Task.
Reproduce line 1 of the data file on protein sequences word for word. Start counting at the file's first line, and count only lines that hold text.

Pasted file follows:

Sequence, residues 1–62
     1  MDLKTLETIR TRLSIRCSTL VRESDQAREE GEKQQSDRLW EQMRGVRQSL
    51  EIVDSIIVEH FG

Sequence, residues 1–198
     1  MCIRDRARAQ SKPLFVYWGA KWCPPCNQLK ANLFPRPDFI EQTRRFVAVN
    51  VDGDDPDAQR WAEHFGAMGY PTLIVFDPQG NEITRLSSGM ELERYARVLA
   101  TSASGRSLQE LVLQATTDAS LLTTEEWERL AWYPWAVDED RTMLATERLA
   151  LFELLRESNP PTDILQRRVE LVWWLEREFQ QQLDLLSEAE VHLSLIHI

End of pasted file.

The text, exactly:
Sequence, residues 1–62